Thursday, 03 January 2019

New Congress Is “Most Diverse in U.S. History.” Is This a Good Thing?

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The 116th Congress was just sworn in, and much is made of how it’s the “most diverse in U.S. history.” NBC News opens a piece with “Congress just got a lot more diverse,” while back in November already the Guardian ran the headline, “Photo of new House members shows big gap in diversity between parties.” It’s said that what’s assumed is learned best, and it certainly is assumed here that diversity=good and, hence, Democrats=better. But is diversity really a strength?

Let’s begin with some thought-provoking questions. First, if you needed a medical team to perform brain surgery on your child, would you choose it based on diversity measures, on quota? Or would you choose the best?

Next question: People never emphasize achieving diversity when at issue are pro soccer, basketball, or track teams. But that drum is beaten — and anyone opposing it is socially beaten down — when at issue are politicians, CEOs, actors, or academics. (Why, California just enacted a law forcing publicly-traded companies to put women on their corporate boards.) Why the difference?

Areas where diversity goes unmentioned have something in common: Performance in them can be easily and irrefutably quantified. (E.g., the stopwatch tells the tale about runners’ competence.)

In contrast, areas where diversity is required are ones in which performance cannot be easily and irrefutably quantified. (There is no scientific measuring device to show how sound thinking beats philoso-babble.)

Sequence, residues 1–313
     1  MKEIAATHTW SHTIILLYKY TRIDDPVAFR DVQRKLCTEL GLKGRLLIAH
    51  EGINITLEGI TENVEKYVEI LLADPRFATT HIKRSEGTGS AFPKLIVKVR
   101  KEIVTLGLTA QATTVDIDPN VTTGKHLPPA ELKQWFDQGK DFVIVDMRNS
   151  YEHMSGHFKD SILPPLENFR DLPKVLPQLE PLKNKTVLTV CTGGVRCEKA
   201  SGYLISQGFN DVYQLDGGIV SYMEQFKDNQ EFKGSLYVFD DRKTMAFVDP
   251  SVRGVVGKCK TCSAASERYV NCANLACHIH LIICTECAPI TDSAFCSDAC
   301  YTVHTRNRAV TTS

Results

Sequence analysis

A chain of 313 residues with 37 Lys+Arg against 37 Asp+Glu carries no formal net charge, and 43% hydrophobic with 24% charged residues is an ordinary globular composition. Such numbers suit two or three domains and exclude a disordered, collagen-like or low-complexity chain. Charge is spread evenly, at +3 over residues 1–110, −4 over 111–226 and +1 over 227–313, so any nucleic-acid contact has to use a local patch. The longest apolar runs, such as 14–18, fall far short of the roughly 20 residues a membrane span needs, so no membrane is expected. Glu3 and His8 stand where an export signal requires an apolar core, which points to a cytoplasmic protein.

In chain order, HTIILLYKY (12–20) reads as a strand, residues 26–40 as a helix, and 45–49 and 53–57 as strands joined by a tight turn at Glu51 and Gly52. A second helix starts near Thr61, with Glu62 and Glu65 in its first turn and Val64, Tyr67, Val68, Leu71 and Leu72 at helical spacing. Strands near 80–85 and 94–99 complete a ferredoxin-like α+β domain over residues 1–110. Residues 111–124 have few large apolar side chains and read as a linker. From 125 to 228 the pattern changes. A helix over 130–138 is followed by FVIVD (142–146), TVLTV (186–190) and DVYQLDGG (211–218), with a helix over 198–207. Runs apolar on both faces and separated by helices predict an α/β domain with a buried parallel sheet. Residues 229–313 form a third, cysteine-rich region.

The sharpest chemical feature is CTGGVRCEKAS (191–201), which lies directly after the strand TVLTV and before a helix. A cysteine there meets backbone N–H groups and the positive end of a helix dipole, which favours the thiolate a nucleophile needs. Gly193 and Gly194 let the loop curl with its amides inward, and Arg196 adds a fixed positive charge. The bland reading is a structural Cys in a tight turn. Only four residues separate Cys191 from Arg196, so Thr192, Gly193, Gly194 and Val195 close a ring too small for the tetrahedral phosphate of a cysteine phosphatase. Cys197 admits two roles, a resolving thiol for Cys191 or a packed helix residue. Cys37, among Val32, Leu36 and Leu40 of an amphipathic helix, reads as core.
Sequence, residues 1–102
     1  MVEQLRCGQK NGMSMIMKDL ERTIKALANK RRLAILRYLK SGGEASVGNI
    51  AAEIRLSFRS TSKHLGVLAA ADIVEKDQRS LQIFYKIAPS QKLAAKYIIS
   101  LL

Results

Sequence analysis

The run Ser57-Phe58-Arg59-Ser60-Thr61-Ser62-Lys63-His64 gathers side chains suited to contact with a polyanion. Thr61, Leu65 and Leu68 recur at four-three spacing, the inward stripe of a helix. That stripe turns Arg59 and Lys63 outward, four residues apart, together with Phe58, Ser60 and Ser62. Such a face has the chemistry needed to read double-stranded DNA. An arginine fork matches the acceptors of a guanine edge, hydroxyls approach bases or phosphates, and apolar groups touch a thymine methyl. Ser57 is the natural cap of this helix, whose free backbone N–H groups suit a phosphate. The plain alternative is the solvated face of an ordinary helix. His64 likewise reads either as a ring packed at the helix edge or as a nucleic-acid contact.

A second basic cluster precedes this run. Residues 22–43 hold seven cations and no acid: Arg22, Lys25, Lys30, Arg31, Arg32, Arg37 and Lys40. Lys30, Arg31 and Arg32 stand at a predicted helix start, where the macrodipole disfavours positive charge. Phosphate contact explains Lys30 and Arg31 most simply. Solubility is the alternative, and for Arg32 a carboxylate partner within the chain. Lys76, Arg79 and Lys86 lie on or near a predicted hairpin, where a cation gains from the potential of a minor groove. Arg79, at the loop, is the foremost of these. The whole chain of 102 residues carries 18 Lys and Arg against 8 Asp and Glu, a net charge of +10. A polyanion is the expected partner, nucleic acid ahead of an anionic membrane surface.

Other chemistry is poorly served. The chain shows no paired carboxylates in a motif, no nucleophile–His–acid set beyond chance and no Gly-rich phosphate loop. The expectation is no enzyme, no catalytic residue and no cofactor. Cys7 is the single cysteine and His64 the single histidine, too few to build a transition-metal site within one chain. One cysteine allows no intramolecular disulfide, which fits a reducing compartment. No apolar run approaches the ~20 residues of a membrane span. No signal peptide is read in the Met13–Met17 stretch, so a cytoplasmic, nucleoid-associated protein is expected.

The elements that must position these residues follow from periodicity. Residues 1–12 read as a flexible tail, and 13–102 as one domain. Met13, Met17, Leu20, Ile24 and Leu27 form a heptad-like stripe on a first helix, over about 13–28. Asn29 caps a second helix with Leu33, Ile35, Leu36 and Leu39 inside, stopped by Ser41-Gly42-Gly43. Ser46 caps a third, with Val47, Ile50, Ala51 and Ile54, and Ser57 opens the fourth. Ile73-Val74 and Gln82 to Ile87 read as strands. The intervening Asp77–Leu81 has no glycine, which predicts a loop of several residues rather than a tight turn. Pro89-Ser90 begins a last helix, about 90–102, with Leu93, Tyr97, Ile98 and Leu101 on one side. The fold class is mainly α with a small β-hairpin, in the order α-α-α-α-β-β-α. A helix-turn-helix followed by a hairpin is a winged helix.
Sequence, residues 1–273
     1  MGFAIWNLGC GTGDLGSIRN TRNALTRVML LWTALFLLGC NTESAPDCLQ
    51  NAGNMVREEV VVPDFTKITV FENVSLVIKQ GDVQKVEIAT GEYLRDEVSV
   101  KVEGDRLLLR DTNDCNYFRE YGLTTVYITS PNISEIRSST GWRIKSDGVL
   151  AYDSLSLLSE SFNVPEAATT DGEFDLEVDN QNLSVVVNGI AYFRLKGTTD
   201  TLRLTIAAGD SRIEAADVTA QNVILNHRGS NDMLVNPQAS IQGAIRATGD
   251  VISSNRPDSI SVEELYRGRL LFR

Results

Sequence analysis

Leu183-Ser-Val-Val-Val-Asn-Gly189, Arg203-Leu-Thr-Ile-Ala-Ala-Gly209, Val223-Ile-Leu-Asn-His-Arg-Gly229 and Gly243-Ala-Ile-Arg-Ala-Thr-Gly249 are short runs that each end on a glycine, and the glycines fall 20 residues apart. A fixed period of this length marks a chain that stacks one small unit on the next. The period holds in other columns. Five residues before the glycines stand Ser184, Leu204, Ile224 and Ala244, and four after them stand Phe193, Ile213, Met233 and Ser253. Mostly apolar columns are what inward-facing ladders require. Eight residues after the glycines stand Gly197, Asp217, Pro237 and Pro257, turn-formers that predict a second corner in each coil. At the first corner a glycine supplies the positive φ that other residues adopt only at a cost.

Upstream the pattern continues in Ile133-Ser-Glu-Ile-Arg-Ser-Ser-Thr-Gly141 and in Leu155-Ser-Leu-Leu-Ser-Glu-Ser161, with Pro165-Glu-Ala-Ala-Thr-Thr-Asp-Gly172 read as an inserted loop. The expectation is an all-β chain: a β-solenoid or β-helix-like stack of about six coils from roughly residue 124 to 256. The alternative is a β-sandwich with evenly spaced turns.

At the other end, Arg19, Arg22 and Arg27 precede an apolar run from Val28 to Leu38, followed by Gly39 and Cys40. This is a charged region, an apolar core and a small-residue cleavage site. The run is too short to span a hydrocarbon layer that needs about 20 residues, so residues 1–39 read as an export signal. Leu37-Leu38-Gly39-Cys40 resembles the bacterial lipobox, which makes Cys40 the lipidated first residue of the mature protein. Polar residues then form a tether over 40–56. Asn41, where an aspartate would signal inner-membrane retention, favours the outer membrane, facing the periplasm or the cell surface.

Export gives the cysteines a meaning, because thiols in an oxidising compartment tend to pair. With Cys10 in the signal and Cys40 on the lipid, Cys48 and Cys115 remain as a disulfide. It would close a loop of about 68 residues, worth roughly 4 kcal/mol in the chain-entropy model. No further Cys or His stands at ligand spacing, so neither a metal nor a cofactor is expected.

If an NBA coach indulges diversity doctrine and ensures his roster is half female, a certain percent Jewish and Asian, and in general “Looks like America™,” his team will lose, viewership will decline, the owners will bleed money, and he’ll be fired.

But the association between cause and effect in, let’s say, academia isn’t so clear — or at least, it’s easily blurred. Sure, the socialism Professor Marx preaches at Jacobin U. has failed far and wide, but, don’t be dense, that’s “just because it hasn’t been implemented correctly yet.”

As author George Orwell put it in 1984, “In philosophy, or religion, or ethics, or politics, two and two might make five, but when one was designing a gun or an aeroplane they had to make four.”

The problem is that not understanding cause and effect doesn’t make bad effects any less destructive. It just ensures the destruction will be repeated.

So here’s yet another question: Can you think of any field in which diversity has been shown to improve quality? Apropos to this, there are ongoing complaints about how pro sports’ senior management lacks diversity; as the Undefeated lamented about the NBA in 2016, while “75 percent of its players are black … only one team president and three general managers are.” The idea is that the boardroom should look more like the court (filled with 6’8” men?).

But did anyone ever consider making the court look more like the boardroom?

The response to this would be laughter, shaming, and accusations of prejudice, but this reflects prejudice itself. Why assume that diversity would surely make the teams worse but not the management? Again, the only difference between the two groups is that with the former, performance — important in all endeavors — is more easily quantified.

Remember, enforcing diversity in basketball, tennis, soccer, football, or track diminishes performance because insofar as focus on diversity is emphasized, focus on quality is deemphasized. Is it logical to suppose this phenomenon ceases being operative just because performance in a field is harder to quantify?